Above, Luis from Landers Flooring is back to remove and replace one stair tread. The balusters for this tread were drilled in the wrong place. Today, Luis removed the balusters and existing hickory tread, then fitted the replacement. At the end of the day, he clearcoated it with polyurethane.
Steven turned over Emerald Hill to Ron Dahlke from Ranserve while traveling all week to Vegas for ShowStoppers @ CES. Jadin and Jacquela visited the house today. Jacquela said “wow.” She and Steven plan an early visit Saturday to catch Steven up on a whole week of progress without Steven sticking his foot and hand into everything. Can’t wait.
Steven visited Brian Chilton Metalworks today, delivering the metal mask that will be mounted over the fireplace. Brian will design a mount for the mask and match the patina from the mask when he finishes off the stair balusters and handrail.
Luis finished sanding last night by vacuuming up the sawdust and then sealing the hickory risers and treads. Today, he applied the first coat of water-based polyurethane, let it dry, and is sanding it down, by hand, not machine. There’s nothing better than fingers to discover rough spots that need more attention.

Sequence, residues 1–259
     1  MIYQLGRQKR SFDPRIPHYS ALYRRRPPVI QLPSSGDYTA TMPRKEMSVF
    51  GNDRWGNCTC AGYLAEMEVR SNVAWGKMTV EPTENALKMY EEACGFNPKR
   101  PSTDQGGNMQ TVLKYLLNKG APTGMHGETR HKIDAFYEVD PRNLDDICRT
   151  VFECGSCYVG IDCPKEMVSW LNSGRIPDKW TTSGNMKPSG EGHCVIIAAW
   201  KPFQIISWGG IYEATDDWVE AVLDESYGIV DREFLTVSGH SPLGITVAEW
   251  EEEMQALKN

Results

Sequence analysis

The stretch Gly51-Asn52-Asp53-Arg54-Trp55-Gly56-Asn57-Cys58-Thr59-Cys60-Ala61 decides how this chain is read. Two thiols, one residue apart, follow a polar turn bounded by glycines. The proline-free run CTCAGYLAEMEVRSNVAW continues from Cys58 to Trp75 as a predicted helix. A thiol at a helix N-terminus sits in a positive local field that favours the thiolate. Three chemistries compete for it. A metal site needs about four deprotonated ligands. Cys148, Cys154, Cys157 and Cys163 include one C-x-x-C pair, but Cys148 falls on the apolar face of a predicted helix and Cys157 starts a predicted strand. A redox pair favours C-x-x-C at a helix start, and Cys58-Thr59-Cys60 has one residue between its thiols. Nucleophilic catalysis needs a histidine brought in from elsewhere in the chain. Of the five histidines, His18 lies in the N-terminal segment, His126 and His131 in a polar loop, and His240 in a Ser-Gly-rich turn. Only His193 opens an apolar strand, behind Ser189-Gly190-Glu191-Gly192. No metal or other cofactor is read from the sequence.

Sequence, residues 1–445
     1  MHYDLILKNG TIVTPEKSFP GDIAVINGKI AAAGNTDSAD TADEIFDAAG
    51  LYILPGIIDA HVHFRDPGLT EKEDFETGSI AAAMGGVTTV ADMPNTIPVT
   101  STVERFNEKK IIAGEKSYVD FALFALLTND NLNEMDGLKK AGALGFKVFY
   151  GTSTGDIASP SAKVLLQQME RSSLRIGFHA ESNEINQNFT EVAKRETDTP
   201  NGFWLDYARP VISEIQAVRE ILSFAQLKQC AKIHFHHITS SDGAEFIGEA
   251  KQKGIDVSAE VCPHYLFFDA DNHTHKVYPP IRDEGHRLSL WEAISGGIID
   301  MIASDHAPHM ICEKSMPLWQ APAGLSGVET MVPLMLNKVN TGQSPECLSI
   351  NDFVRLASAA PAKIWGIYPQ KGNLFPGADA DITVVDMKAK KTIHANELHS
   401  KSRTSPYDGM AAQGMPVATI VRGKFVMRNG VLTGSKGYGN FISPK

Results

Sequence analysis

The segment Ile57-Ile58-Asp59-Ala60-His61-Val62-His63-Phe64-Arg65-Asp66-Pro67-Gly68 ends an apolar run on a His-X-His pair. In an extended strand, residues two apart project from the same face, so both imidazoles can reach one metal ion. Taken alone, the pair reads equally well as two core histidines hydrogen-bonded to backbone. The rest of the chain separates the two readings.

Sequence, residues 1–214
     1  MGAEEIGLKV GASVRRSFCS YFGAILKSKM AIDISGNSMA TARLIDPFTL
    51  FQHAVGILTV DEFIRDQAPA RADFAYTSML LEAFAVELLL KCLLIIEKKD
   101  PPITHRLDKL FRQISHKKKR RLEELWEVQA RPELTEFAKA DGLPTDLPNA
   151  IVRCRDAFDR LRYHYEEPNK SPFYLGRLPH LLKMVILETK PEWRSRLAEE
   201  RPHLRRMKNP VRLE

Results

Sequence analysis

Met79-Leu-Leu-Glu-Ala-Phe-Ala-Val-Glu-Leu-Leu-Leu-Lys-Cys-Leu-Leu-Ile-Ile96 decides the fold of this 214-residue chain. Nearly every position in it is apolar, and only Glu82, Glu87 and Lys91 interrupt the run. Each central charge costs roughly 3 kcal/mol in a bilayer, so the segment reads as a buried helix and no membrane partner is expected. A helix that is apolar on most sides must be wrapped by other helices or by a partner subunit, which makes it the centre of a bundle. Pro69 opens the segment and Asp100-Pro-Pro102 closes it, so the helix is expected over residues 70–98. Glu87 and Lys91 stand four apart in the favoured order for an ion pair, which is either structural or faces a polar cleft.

Luis continues building the stairs — riser, tread, riser, tread. This is craft. This is skill. And artistry. And passion. Luis pulled out his phone, scrolled through photos of his work to show Steven an octogon he built from six different species of wood, alternating colors into light and dark-banded orbits, gluing everything up, then assembling it into a large insert that was inlaid into a larger wood floor. This is the expertise and experience he brings to building the stairs at Emerald Hill.
By early afternoon, he’s about halfway up the staircase. He expects to finish cutting wood tomorrow, then start sanding and applying polyurethane.
Repeat as necessary, riser and tread, riser and tread …
Emerald Hill is now turned over to Luis, stairbuilder.
He is turning hickory planks, carefully, deliberately, into risers, treads and nosings, cutting wood with what has to be the smallest, most-underpowered, beaten-up, portable Black & Decker table saw, set up outside on the front walk, on a dreary, overcast and sometimes wet day, matching his skills and tape measure against a 7-inch thin-kerf blade. He bought the machine used, he tells Steven, at a flea market 10 years ago, he thinks. He’s burned through many larger, heavier, more powerful table saws, but this is the machine he comes back to with trust. It’s the story he will scribe as he builds the stairs over the next four days.